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Re: bonds as a % of your age
« Reply #23 on: April 22, 2014, 01:48:09 PM »
One problem is that the 50-year periods overlap each other a lot more than the 30-year periods do - each year of data appears in up to 50 periods rather than 30, so for example, more than half of the periods from the latter sample include the events of 1960.

Good point. I'm not sure how to wrap my head around the importance of single years vs. sequences-of-years though. For example, the same "events of 1960" caused one cycle to lose $165k that year, while another cycle gained $4 million.

nereo

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Re: bonds as a % of your age
« Reply #24 on: April 22, 2014, 02:05:09 PM »
Holding mostly equities with some bonds and periodically rebalancing seems to beat 100% equities under most long-term scenarios.

I don't really see this holding up in the cFIREsim scenarios. I think it might have been an anomaly of the limited data set used in the Trinity study. 50 years at 4% is the only case I found so far where 100% stocks does not have the highest success rate, and there it's just barely lower than the 95% case. (30 years @ 4% has a dip at 95% and rises back up at 100%).

You can optionally run cFIREsim without yearly rebalancing, and for a 4% WR, it doesn't really effect the success rates for anything above 80% stocks. For lower stock allocations, the main effect is to actually raise the success rate for mid-to-high bond allocations if you don't rebalance (for a 30-year period, not rebalancing boosts the success of 95-to-55% bond portofolios, and for a 50-year period it boosts 95-to-45% bond portfolios).

Interesting.  As I said I"m only recently coming to the idea of holding any bonds during the accumulation phase and rebalancing to set up a sort of forced "buy low, sell high" structure.  It could be that it simply won't work with a 90/10 or 80/20 portfolio, but then again maybe it does because money is coming in (in the forms of savings) which can be allotted to either one or the other depending on the balance of the portolio and market conditions. I'm running fireCALC simulaitons now with $0 withdraw rates and annual contributions, nad it does seem like 100% stocks tends to result in larger portolios.  But what I can't figure out is when and how often fireCALC rebalances these things.
I'm just learning the theory myself, and would love to be corrected if what i'm understanding doesn't hold true. 

skyrefuge

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Re: bonds as a % of your age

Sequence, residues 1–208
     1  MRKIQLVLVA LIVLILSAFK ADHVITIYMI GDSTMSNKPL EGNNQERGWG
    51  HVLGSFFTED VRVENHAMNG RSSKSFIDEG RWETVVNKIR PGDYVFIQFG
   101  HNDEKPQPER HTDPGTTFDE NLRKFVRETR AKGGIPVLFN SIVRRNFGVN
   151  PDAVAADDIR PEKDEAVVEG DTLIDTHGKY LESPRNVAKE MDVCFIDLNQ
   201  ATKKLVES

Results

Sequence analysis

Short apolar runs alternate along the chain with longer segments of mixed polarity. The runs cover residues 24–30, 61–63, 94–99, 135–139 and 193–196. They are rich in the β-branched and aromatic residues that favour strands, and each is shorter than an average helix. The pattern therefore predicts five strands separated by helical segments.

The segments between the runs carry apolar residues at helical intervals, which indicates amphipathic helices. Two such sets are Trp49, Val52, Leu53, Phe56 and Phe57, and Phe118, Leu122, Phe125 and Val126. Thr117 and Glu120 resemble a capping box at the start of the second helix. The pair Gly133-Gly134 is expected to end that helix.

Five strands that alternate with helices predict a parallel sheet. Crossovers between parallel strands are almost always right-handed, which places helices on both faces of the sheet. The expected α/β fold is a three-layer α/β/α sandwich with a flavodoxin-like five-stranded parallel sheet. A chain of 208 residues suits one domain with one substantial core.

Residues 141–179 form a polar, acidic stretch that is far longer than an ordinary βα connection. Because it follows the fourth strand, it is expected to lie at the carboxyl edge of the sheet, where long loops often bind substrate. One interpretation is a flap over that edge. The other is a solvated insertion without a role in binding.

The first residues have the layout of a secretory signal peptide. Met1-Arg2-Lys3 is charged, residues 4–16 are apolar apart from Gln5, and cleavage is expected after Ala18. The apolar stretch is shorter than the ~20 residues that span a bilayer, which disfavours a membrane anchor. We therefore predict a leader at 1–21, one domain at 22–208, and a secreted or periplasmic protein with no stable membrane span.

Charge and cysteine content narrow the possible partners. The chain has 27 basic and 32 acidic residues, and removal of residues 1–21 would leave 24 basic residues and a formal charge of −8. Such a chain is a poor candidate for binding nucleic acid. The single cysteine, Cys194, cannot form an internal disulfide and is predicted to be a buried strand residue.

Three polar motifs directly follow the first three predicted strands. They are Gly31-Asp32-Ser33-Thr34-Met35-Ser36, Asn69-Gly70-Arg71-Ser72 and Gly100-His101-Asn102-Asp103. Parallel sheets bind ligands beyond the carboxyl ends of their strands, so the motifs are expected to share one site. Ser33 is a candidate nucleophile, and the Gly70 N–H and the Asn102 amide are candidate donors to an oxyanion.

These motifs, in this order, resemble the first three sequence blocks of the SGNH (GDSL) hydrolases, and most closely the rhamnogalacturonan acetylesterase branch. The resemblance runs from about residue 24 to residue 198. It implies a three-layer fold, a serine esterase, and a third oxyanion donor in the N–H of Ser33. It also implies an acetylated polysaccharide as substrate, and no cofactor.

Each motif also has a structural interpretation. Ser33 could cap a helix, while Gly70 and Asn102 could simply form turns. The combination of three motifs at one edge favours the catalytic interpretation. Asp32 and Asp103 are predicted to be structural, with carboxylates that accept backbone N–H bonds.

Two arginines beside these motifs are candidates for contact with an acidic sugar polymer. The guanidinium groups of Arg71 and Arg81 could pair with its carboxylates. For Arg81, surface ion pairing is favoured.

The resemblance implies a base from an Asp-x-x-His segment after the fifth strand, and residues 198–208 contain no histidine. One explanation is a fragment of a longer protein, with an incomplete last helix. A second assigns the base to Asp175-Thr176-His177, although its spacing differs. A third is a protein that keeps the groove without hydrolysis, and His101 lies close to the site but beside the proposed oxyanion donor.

« Reply #25 on: April 22, 2014, 02:58:31 PM »
Some good reading here how rebalancing should NOT be sold as a return-enhancer, because it only works like that if you happen to get lucky with your market timing. In general, over the long term it should be expected to reduce your return, since it means, on average, you'll have more of your money in lower-returning bonds than you would if you didn't rebalance.

http://www.kitces.com/blog/is-passive-rebalancing-a-form-of-active-management/
http://www.kitces.com/blog/is-rebalancing-supposed-to-enhance-returns-or-reduce-them/

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Re: bonds as a % of your age
« Reply #26 on: April 22, 2014, 03:19:25 PM »
I'm 47, early retired, and paper assets are about 70% of my net worth (real estate is the other 30%). Of the paper assets, they're roughly 70% stocks, 25% bonds and 5% cash. I'll have a very modest pension later on, plus real estate as another safe(r) harbor, so I don't mind having a higher allocation in stocks.

Joel

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Re: bonds as a % of your age
« Reply #27 on: April 22, 2014, 09:26:31 PM »
I like to be more aggressive, so I like the bonds = half your age rule.

I agree with wf2 though, you should run it for your own scenario, and take on the risk and asset allocation that gives you the most likely chance of success and makes you comfortable.

This is what I do.

Bonds = half my age

sleepyguy

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Re: bonds as a % of your age
« Reply #28 on: April 23, 2014, 06:12:51 AM »
Agreed, same approach I take.

With my kids RESP I take the 0% rule :)

I like to be more aggressive, so I like the bonds = half your age rule.